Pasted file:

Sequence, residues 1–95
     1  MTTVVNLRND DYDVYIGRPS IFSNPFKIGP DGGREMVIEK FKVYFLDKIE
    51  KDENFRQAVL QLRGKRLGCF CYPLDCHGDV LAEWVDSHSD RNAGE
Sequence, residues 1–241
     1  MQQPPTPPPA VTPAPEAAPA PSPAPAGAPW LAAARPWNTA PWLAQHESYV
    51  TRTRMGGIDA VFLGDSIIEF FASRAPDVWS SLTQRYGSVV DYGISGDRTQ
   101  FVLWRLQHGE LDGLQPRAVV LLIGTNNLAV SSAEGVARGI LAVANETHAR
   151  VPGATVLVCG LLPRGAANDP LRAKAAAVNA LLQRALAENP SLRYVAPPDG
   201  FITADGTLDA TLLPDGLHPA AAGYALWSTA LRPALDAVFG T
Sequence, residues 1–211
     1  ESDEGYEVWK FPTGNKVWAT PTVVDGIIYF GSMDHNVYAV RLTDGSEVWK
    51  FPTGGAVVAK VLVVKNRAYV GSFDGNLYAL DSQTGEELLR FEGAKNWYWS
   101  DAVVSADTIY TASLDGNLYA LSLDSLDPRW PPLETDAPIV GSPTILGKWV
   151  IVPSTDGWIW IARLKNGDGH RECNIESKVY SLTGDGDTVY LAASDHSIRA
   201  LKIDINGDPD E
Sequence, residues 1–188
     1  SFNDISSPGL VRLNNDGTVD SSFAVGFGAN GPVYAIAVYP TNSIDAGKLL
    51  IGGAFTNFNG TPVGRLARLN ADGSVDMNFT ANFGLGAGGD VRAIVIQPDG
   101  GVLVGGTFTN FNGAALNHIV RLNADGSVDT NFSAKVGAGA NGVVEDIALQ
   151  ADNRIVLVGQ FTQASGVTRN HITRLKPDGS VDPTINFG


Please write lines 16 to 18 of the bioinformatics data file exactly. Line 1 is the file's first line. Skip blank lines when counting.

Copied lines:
Sequence, residues 1–188
     1  SFNDISSPGL VRLNNDGTVD SSFAVGFGAN GPVYAIAVYP TNSIDAGKLL
    51  IGGAFTNFNG TPVGRLARLN ADGSVDMNFT ANFGLGAGGD VRAIVIQPDG